You can also tear fresh lemon balm to release the essential oils and rub them on your flock’s combs, wattles, legs, and other areas that seem bothered by insects.
You can buy started lemon balm at your local big box store and replant into pots. If you want to use dried lemon balm (it smells GREAT and the essential oils are concentrated), you can find it in my store right here.
You can also mix dried lemon balm into your flock’s feed – they love the fresh taste and picking at the herbs.
Citronella essential oil mixed with carrier oil
Not everyone wants to use essential oils on their chickens – and that’s fine.
If you DO use oils on your flock, citronella essential oil is GREAT to quickly apply to your flock if they’re REALLY bothered by gnats, flies, mosquitoes, etc and are completely miserable.
This time of year, I usually have a few hens who seem especially bothered, and they seem much relieved after applying citronella oil.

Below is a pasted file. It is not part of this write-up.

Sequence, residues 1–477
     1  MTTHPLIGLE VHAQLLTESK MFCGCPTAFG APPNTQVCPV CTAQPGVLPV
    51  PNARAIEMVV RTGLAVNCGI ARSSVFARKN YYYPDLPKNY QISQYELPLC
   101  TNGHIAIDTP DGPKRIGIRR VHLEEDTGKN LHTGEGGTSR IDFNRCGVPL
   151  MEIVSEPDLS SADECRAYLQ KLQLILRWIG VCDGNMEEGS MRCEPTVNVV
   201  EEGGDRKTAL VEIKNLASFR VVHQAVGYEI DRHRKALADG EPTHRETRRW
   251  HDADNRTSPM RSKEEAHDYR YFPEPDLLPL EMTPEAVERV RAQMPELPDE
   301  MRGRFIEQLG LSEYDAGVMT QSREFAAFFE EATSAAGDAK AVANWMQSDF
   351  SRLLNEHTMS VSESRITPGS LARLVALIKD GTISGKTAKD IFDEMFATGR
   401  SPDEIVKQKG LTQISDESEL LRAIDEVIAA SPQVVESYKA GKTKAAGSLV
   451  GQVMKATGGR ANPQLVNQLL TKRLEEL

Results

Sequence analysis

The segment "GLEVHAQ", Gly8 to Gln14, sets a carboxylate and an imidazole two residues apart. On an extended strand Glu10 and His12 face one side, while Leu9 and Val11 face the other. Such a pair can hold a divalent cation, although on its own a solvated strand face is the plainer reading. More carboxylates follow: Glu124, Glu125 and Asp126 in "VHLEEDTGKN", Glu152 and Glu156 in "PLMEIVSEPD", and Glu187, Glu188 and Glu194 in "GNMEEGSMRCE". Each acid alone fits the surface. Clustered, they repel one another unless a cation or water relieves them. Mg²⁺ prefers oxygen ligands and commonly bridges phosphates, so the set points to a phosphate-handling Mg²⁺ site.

You can mix 1 drop of citronella essential oil with 1 tablespoon of carrier oil such as coconut oil, cocoa butter, mango butter, etc and apply the mixture to combs, wattles, etc to keep the bugs at bay.
If essential oils aren’t your thing, you can combine citronella, dried lemongrass, or dried lemon balm with olive oil, allow to steep for 2-4 weeks so the olive oil absorbs the essential oils from the plants, and then apply as needed.
I avoid essential oils altogether with chicks, and opt for simply keeping fresh or dried herbs around them to prevent pests.
Peppermint coop spray & fly spray for chickens